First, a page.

Trailer loading - how to 'send' her in? - Page 2 - The Horse Forum
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post #11 of 44 Old 08-24-2017, 11:53 PM
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Originally Posted by Folly View Post

@loosie - I don't think I have the skills to teach driving. My only hope would be that this is some memory I can refresh. And she is definitely not calm at the trailer. She's not like a horse that's never been trailered.. she's just nervous. It's been a while for her. I need to help her past that. So, I should probably just learn a basic conventional way to load her unless this 'button' is already installed
And you have said that you are nervous too. If you're nervous & don't have the skills to teach/reinforce the basics, then I honestly, respectfully, believe you're best getting someone else to teach her to load well & calmly, and to teach you. Otherwise there is every good chance she will just get worse, not better.
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post #12 of 44 Old 08-24-2017, 11:53 PM
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So, curious far as those of you who send a horse in, yet then have to get in yourself to tie the horse, close partitions, ect, what is the advantage?
I can see sending a loose horse in.
I tie my horses, so lead them in, but I have no dividers (on purpose), and my trailer is a three horse goose neck angle haul I could send them in, but since I tie them, does not make much sense to me
No side escape door.
The only advantages for me sending a horse, throw the lead rope up around the saddle horn and shut the door if I'm hauling loose.

If I'm day working and the crew is loading up and tying in, I'll send my horse first if I'm tying next to a strange horse or bronco. Less likely to get kicked. Ive seen it happen.

A horse that is a bit of a bronc and wants to kick your head off, loading him by sending and not getting in the trailer then passing the lead rope through the bars to where he's tied is pretty handy.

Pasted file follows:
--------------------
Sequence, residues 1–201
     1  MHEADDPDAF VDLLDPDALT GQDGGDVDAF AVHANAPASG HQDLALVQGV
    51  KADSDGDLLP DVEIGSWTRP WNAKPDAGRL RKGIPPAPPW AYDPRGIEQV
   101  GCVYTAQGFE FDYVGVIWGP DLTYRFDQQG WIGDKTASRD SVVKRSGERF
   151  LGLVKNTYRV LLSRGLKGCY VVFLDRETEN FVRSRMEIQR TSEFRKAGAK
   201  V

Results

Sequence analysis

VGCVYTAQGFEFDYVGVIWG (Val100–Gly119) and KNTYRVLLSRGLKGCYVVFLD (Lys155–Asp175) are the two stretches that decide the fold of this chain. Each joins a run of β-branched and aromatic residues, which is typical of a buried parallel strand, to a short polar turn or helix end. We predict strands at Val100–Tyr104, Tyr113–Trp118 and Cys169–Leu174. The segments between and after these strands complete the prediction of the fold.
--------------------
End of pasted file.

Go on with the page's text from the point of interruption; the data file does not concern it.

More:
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post #13 of 44 Old 08-24-2017, 11:57 PM
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Originally Posted by Smilie View Post
So, curious far as those of you who send a horse in, yet then have to get in yourself to tie the horse, close partitions, ect, what is the advantage?
I can see sending a loose horse in.
I tie my horses, so lead them in, but I have no dividers (on purpose), and my trailer is a three horse goose neck angle haul I could send them in, but since I tie them, does not make much sense to me
No side escape door.
I have(well, had) a straight load, so I'd lead one horse in & then the second I'd send in, as there was no (safe) room for me to get out otherwise. Shut the back, then go round the front & tie the second horses. Now, having a stock crate, I just send them all in one at a time & they choose where they want to be themselves.
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post #14 of 44 Old 08-25-2017, 12:36 AM
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we would send them in just barely ahead of us, and as we stepped up, after the horse, we would unlatch the divider and move it over as horse moved into forward position. click divider into place, THEN tie horse (you can either reach across and snag it sometimes if there is a tie line attached with turtle clips, or, get out of trailer, go around to outside window, reach in and get lead line to tie to outside.

Now, unloading, I have a question. In a simple two horse slant, what we always did was unload the second horse (closest to exit) which was EASY. he just turned sideways and stepped off. now I would go in, reach across divider and unclip horse from tie, go back , unlatch divider from the wall, and with divider still between horse and me, ease horse into backing up, having gotten a hold of his lead rope (left draped over his back). Do you think this is the best way, or should I have swung the divider open, so that I am on the same side of it as the hrose, before he backs out. It seemed, with a horse that is anxious to back off, that I am better off with the divider between him and myself, but I am not experienced with trailer loading, so thought I'd piggy back my question on with the OP's, if she doesn't mind.